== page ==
If you thought college basketball would be getting a reprieve from Duke next season following the graduations of Mason Plumlee, Seth Curry and Ryan Kelly, think again. In fact, the nation’s top-ranked team could be even better one year from now.
The Blue Devils scored one of the jewels of the high school senior class on Thursday, adding Chicago basketball wunderkind Jabari Parker to a roster that figures to be longer, deeper, more athletic, versatile and better defensively than the current bunch ranked No. 1. Welcome to the ACC: Syracuse, Pittsburgh, Louisville and Notre Dame. Your goodie bag upon arrival: a first-hand look at a throwback Duke team that harks back to the late 90s.
Stellar recruiting classes don’t always guarantee forthcoming dominance. Just ask UCLA or this year’s Kentucky. Replacing impact upperclassmen, especially in droves, can set a program back even in years when the incoming talent seems more than capable of filling the void. Just ask North Carolina.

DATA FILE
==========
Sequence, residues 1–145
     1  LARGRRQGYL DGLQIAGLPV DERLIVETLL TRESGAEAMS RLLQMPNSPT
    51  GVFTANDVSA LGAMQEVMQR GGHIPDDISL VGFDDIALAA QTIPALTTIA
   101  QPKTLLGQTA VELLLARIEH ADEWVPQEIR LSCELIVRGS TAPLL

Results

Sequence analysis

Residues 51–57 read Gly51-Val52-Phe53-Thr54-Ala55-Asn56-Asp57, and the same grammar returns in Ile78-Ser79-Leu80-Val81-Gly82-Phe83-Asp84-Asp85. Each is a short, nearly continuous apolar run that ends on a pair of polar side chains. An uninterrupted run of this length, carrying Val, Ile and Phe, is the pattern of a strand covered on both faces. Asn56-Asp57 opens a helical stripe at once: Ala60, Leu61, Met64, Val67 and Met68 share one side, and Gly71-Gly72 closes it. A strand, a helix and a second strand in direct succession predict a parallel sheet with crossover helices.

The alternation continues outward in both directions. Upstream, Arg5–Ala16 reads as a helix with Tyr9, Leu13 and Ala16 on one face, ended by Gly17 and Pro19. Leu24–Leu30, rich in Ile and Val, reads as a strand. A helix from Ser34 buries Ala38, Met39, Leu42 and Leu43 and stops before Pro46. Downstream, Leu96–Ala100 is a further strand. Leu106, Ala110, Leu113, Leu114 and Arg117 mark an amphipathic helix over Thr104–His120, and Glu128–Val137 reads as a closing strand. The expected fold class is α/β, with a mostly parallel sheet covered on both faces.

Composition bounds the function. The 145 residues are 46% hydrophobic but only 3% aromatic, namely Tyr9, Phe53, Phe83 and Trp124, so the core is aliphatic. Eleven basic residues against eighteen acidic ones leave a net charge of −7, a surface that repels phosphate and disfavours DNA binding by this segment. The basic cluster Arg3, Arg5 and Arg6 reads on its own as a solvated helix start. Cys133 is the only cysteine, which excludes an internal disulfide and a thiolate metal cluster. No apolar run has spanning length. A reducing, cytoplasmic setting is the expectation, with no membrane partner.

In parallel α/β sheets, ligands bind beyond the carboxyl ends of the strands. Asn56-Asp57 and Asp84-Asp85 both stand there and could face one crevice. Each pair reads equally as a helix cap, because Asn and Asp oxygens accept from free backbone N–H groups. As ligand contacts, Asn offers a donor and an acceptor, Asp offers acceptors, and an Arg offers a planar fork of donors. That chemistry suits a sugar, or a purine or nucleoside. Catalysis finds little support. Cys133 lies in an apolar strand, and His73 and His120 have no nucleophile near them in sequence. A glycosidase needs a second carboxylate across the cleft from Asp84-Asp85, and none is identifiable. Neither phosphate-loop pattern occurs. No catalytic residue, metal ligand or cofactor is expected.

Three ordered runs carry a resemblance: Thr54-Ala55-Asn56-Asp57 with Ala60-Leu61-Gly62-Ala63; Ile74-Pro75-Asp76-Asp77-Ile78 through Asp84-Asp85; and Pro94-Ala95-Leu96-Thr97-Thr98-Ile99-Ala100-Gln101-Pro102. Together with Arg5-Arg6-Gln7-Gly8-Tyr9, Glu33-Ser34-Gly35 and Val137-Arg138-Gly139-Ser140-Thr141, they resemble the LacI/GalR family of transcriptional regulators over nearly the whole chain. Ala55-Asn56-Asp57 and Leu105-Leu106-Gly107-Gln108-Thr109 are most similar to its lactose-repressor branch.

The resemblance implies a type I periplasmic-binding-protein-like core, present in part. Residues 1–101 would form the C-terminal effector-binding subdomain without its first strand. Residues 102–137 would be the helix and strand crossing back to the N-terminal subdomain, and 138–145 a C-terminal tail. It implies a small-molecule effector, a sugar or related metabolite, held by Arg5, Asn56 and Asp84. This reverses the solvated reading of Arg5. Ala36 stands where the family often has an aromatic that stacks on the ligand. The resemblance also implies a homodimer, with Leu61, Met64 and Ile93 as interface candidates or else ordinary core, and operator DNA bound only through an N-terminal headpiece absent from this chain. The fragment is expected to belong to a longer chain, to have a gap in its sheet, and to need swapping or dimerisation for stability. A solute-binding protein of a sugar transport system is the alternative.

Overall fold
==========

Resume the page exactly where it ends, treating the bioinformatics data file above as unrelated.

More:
Duke will certainly feel the losses of its three departing seniors at season’s end. You don’t replace the top center in college basketball, a deadeye shooter with the last name Curry and one of the top stretch-4s in the sport without skipping at least a beat. Lucky for Duke, Coach K has just the right pacemaker to get his Blue Devils back in rhythm.
Enter, a blue-chip super-recruit who has drawn apt comparisons to Paul Pierce and Carmelo Anthony, who is seeking his fourth state title at a school that had never before won three in a row. Parker has graced the cover of Sports Illustrated as just a fledgling teen. He remains the only player to ever start at Simeon Academy—the same school that produced Derrick Rose—as a freshman.
Forever earmarked as the No. 1 option on a team replete with college-bound stars, Parker will not be alone in terms of star power at Duke next season. In fact, he likely won’t even be the best player on the team.
Enter, the top transfer in college hoops, a player whom Duke staffers swear would be an All-American this season. The boundless talent of Rodney Hood was lost on last year’s cluttered Mississippi State team. It won’t be next season at Duke.
Hood is sitting out the 2012-13 season in accordance with NCAA rules governing transfers, but the former Bulldog will be primed to burst onto the scene in approximately the same fashion Wes Johnson, a similar player, did at Syracuse in 2009-10. Remember that comparison. Together, Hood and Parker should provide an offensive dynamic comparable to the Otto Porter, Greg Whittingon one-two punch at Georgetown.